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Entrepreneur, Deputy, Proud Sikh: Who Was US Cop Sandeep Dhaliwal?

Dhaliwal was gunned down while conducting a mid-day traffic stop in northwest of Houston on Friday.

Updated
World
3 min read

Video Editor: Ashutosh Bhardwaj

“Dhaliwal put the Sikh imperative of selfless service on display for all and touched a nation with his example,” read one of the condolence messages after the news of Deputy Sandeep Singh Dhaliwal’s death broke out.

Dhaliwal was gunned down while conducting a mid-day traffic stop in the northwest of Houston on Friday, 29 September. He is survived by his wife, three children, his father and sisters.

Since the fatal shooting and death of the veteran, people from Texas and the rest of the country have expressed their condolences to Dhaliwal’s family. Friends, colleagues and members of the community in Houston that Dhaliwal was a part of shared their memories of him.

From Entrepreneur to Deputy

Dhaliwal's father was a police officer in India before he moved to the United States, taking his family with him. Prior to his job with the force, Dhaliwal owned a truck business which was reportedly quite 'lucrative'.

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In his 20s, Dhaliwal was inspired to join the force when he heard that the Harris County Sheriff's office was looking for a Sikh to join the force. Even though it meant a huge pay cut, he took the opportunity, sold his business and became a civilian detention officer, CNN reported.

In doing so, he became the first Indian-American police officer in Texas. Over time, he earned his peace officer’s license, going on to become the first Sikh deputy in Harris county, The Houston Chronicle reported.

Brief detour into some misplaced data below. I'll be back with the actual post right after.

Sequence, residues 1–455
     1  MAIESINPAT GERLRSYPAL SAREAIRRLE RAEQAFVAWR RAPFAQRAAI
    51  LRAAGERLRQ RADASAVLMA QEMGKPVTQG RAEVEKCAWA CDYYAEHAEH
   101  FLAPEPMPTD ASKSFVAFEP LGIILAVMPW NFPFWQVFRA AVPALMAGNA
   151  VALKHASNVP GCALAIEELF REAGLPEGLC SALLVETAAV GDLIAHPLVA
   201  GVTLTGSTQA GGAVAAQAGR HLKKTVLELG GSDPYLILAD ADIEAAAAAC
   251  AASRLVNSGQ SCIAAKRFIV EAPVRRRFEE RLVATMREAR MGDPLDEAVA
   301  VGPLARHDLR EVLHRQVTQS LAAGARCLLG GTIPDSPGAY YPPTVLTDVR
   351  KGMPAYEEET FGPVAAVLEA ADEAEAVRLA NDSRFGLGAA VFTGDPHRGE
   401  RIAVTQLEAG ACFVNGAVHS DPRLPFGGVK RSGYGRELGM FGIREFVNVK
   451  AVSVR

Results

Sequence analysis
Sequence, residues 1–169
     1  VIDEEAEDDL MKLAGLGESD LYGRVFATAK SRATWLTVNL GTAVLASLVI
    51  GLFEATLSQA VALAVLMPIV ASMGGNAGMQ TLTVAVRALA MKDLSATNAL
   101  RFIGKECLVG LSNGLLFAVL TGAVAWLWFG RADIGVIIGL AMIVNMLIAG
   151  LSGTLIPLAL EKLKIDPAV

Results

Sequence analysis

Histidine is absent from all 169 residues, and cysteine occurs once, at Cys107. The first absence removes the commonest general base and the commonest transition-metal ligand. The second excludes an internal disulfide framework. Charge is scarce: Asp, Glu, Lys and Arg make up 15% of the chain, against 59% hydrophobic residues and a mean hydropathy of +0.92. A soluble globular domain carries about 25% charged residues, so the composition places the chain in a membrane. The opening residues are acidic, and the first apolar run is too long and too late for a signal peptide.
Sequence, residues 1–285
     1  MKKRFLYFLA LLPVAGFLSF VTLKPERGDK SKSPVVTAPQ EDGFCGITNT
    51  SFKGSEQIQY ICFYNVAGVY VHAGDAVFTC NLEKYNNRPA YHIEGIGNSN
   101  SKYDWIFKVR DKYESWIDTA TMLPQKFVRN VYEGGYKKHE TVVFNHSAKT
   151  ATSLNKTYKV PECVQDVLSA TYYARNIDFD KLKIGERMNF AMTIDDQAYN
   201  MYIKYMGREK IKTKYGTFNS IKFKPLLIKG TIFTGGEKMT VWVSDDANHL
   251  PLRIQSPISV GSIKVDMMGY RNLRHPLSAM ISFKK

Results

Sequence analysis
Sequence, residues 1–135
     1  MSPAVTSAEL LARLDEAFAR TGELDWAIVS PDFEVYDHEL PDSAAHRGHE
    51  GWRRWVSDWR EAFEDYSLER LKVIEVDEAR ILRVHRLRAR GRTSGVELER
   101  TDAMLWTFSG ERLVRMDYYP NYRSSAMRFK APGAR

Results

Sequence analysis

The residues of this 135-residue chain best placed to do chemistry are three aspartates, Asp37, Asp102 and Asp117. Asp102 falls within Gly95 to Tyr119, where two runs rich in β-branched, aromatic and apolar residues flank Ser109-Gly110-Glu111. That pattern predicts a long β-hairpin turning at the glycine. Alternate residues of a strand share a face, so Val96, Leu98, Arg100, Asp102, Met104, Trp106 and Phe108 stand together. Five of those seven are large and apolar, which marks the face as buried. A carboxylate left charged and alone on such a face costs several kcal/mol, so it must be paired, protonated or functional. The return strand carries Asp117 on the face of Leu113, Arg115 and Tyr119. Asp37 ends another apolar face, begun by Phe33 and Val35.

The forty-two-year-old slain cop worked at the Harris County Sheriff's office for ten years and earned a promotion to deputy in 2015, The Guardian reported.

Representing the Sikh Community

The cop, described as "trailblazer" by many, made national headlines in 2015 when he was allowed to grow a beard and wear a turban on the job in the state of Texas.

“As a Sikh American, I felt the need to represent the Sikh community in law enforcement,” Dhaliwal had said at the time, according to CNN. “It will give me the chance to open up the conversation,” he had added.

"Serving in the police force is natural" to Sikhs who value service, Dhaliwal had said in a 2015 interview, according to Associated Press.

Adrian Garcia, the previous sheriff of Harris County, implemented the religious accommodation policy that allowed Dhaliwal to wear the traditional turban and beard of the Sikh religion.

According to a report by CNN, Dhaliwal's efforts ensured that there are other Sikh deputies in the Sheriff's office now.

Unimpeded Efforts to Help Others

Dhaliwal's focus, however, wasn't just his job with the Sheriff's office.

He also worked with United Sikhs, an international nonprofit, non-governmental, humanitarian relief, human development and advocacy organisation affiliated with the United Nations, Associated Press reported.

At the organisation, Dhaliwal served in a role which involved advising Sikh communities on dealing with potential hate crime threats and advocating for their religious rights, CNN reported.

His efforts there included organising the donation of supplies for first responders after Hurricane Harvey devastated the county. Dhaliwal also went to Puerto Rico to help with relief after Hurricane Maria devastated the island.

In addition, Dhaliwal was a member of the Sikh National Center in Houston. According to its chair Hardam Azad, Dhaliwal would often speak with young people at the center, showing his sheriff's badge.

While the memorials to the fallen deputy grow and the candlelight vigils held in his memory continue, thousands are expected to gather at the Berry Center in Houston on Wednesday to honour Dhaliwal’s life and legacy, CNN reported. Later on Wednesday, Dhaliwal will be cremated at a local funeral home, according to Sikh tradition, in a service held for family and members of the sheriff's office.

(With inputs from CNN, The Guardian, The Houston Chronicle and Associated Press.)

(At The Quint, we are answerable only to our audience. Play an active role in shaping our journalism by becoming a member. Because the truth is worth it.)

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